“Watch your thoughts, for they become words. Watch your words, for they become actions. Watch your actions, for they become habits. Watch your habits, for they become character. Watch your character, for it becomes your destiny.” ~ Mahatma Gandhi
One of my coaching clients joked last week that she needed a retraining device, something like that electric collar that zaps dogs when they bark. She was noticing how challenging it is for her to stop using language that disempowers her; she’s become so comfortable with it that she hardly notices what she’s doing.
She finds herself using words that put her in the role of victim, making self-deprecating remarks and verbally closing the door on herself. And she wonders why she’s having such a hard time keeping her momentum in terms of the changes she wants to implement in her life.
This is true of so many of us. Our language has incredible power to transform our lives, and yet many of us use it to keep ourselves small and stagnant, meek and resigned. When we do this, we stay in the role of victim; a comfort zone from the past that doesn’t support growth and development.
Gandhi’s words are simple reminders of the way that we change ourselves from the inside out. Our brain believes what we say: it has to, as our words originate in the brain. We have the power to re-choose how we want to be today and how we will be tomorrow. So when we caretake our thoughts and feelings and then we work outwards from there, we create what we want. Sounds easy, right? It takes practice, but revising common language patterns goes a long way toward shaping the life you want. Here are some reminders, in case you find yourself slipping into old habits:
1. Reclaim the pronoun you own
The most basic way to use empowering language is to literally speak for yourself. Rather than using “you”, as in “You learn alot about yourself when travelling”, use “I”: “I learn alot about myself when travelling”. Take responsibility for your own experience, and share from that place of knowledge. Others will be much more engaged, and you honor yourself.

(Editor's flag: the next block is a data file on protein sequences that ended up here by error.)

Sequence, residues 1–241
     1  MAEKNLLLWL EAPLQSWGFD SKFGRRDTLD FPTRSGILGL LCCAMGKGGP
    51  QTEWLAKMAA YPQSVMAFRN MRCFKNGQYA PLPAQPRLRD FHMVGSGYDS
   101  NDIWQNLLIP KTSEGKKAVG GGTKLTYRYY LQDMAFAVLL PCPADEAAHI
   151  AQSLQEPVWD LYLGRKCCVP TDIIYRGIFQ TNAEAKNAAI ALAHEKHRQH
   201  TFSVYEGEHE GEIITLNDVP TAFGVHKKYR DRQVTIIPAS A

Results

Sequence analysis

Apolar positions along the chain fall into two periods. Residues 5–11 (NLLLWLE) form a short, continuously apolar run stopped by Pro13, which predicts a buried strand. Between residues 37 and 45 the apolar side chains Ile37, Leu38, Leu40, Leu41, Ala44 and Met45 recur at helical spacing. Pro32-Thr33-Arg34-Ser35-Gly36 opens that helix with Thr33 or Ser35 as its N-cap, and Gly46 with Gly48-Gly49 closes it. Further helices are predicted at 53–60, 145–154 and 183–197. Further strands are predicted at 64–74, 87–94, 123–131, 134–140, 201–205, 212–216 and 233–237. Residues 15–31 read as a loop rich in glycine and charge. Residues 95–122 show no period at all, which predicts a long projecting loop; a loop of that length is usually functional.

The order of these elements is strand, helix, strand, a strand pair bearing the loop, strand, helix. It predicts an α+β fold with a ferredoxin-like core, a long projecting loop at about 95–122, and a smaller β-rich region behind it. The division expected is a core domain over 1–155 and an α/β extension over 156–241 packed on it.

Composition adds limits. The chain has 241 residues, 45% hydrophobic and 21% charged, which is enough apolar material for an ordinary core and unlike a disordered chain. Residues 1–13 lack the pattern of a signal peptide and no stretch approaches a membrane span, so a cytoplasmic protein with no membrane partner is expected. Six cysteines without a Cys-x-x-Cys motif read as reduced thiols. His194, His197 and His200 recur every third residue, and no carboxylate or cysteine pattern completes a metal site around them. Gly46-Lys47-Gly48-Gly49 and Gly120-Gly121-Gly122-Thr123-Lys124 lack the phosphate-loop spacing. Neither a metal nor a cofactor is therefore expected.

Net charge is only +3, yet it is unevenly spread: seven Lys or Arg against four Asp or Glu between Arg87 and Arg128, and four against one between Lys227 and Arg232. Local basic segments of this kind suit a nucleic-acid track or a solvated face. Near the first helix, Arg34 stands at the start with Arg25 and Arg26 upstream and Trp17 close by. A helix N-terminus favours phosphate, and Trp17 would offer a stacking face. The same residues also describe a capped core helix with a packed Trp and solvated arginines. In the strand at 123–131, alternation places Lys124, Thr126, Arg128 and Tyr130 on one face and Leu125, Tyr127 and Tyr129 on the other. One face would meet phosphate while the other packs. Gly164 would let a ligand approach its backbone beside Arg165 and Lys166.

2. Drop the “should”
What a useless word! A friend of mine loves to say “Don’t should all over yourself”; it’s crude but pretty close to how I feel about it too. Shoulds are ideas that come from someplace other than ourselves and help us to engage in that unhelpful pattern of comparing ourselves to others. Rather than “I should”, spend a moment in your heart and ponder why you might want to do whatever it is you assume you should do. Replace “should” with “choose to”, “want to” or “it’s important to me to”. You go immediately from the victim (I have no choice) to empowered (I choose to do this)!
3. Exercise the power of choice
Language can be a great tool for pointing out the difference an attitude makes. At the root of my coaching training is the simple notion that We Are Always At Choice — we can choose to feel good or feel bad, to stay stuck or move on. Similarly, shifting words can radically alter your mindset and free you up to go big:
* I need to, I have to, I can’t, I must: shift instead to –> I choose to, I want to, I’m not willing to, I am responsible for, I want to learn, It’s an opportunity for me
* Also, changing thoughts and language from “You make me…” to “I feel frustrated/angry/sad when…” takes you right out of the victim mentality and back in charge of your life. That’s where you belong!
4. No more diminishing, please
There are a few small words that have incredible power and you’ll want to use wisely if at all. For example, if you use “but” after describing something wonderful, you essentially negate all that you evoked before the word “but”. Try “and” instead. If you use “just”, like “I’m just a student”, you diminish the statement’s worth. Leave out the “just”! And including “I’d like to say”, or “Maybe” before stating your opinion diminishes ownership and credibility. Make clear statements of fact or belief with confidence and enthusiasm, and watch what happens both within you and within the conversation.
Which of these language habits do you recognize in your own inner and outer dialogue, Pinkies? What does it feel like to replace the disempowering words and thoughts with those that strengthen and support you? Will you retrain your brain, and use your powerful words to help you create the change you want?
Reprinted with permission from OwningPink.com | © Copyright Owning Pink 2011